Fifteen preseason All-Big Ten picks, eight preseason All-Americans and at least two Heisman contenders. It's going to be hard for any team to compete with the volume of talent Ohio State brings to the field in 2015. There are a few numbers surfacing this week that the Buckeyes' biggest threats might have to exploit in an effort to keep Ohio State from repeating as Big Ten champs.
Michigan State and Wisconsin are the two schools best positioned to knock the Buckeyes off course. According to a couple college football number crunchers, their path to closing the talent gap is through experience and home field advantage, respectively.
The Spartans will be the most experienced team in the conference this season, according to a five-part metric concocted by Phil Steele for his annual preview magazine. The formula includes offensive line starts, percentage of tackles and yardages returning from 2014, percentage of lettermen returning and the number of upperclassmen in each team's projected two-deep depth chart. Michigan State ranks 27th overall in Steele's lists, which is only a slight edge on Ohio State, who comes in second in the league and 30th overall.
The gap might be a little larger if not for Michigan State losing more than 40 percent of their offensive production from last season thanks in large part to Tony Lippett and Jeremy Langford moving on. Ohio State, on the opposite end of the spectrum, returns players responsible for 87.5 percent of its yardage from its national championship season. Sparty's advantage comes on the offensive line, where they return a combined 90 career starts and a couple All-American candidates in Jack Allen and Jack Conklin.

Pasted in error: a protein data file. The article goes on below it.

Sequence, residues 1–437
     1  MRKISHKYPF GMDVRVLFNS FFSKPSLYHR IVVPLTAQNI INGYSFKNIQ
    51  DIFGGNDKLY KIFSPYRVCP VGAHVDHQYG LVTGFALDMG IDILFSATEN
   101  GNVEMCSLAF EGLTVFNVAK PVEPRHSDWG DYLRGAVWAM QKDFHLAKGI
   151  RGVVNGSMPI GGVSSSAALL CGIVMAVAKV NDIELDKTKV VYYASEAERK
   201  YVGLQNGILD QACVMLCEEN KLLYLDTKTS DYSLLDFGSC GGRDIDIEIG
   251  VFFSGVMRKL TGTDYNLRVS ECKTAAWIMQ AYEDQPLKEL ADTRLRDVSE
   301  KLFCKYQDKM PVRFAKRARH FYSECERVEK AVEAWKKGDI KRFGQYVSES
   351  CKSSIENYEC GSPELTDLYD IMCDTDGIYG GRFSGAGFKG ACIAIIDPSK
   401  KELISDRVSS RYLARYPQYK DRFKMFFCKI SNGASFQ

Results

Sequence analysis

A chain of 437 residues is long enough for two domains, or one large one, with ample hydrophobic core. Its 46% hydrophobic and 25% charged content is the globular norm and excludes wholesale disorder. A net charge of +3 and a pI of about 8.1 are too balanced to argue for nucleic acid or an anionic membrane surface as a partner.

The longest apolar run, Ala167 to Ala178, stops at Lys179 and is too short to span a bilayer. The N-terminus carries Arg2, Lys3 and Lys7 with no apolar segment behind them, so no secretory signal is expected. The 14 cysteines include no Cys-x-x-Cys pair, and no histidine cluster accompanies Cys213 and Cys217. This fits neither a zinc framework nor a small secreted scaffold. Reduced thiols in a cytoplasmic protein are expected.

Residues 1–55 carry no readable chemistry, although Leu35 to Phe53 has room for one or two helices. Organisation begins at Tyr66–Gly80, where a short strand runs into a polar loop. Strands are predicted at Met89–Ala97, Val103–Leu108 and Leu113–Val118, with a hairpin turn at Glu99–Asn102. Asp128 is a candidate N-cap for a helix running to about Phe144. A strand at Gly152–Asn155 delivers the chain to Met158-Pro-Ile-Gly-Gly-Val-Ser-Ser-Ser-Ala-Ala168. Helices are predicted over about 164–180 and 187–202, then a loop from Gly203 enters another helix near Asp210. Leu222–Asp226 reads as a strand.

The Buckeyes are younger -- built on ready-to-play talent rather than a carefully-crafted roster of upperclassmen. Michigan State coach Mark Dantonio believes this year's senior class might be his best ever, but says they still needed a few years to properly age.
"This senior class, when we recruited them, as we saw them mature into their redshirt year, the statement was made by a lot of our coaches that they may be the most talented class we've recruited,'' Dantonio said back in February. "That's a positive for the near future, but you don't get where you want to go unless you have your best year as a football player your senior year and unless you have great leadership as well.''
Wisconsin's ace in the hole is home-field advantage, according to the crew at PredictionMachine.com. They used a formula of their own to calculate which stadiums gave their tenants the biggest edge in college football. Camp Randall ranked second in the nation behind only the Mean Green of North Texas.
The Badgers didn't lose a game at home last season and haven't lost to a non-conference opponent in Madison since 2006. Their stadium is often anecdotally considered one of the tougher places to play on the road, and the numbers seems to back that up. Part of the equation looks at the difference between a team's record on the road and at home, which obviously hurts teams that consistently win most of their games no matter where they're playing. That may have something to do with Ohio State's Horseshoe ranking 84th on this list.
Of course, Wisconsin wouldn't get to use that home-field advantage in a head-to-head matchup with the Buckeyes. They won't cross paths this year unless both teams reach the Big Ten title game in Indianapolis. A leg up from the home crowd could help the Badgers get there, though, in what should be another tightly-contested year in the West.
Michigan State gets its crack at the champs during the second-to-last week of the season. Will its edge in experience be any sort of a factor that late in the year? We'll see.
These distinctions might seem small, but most programs will take any small edge they can get when trying to take down the still-rising juggernaut in Columbus this year.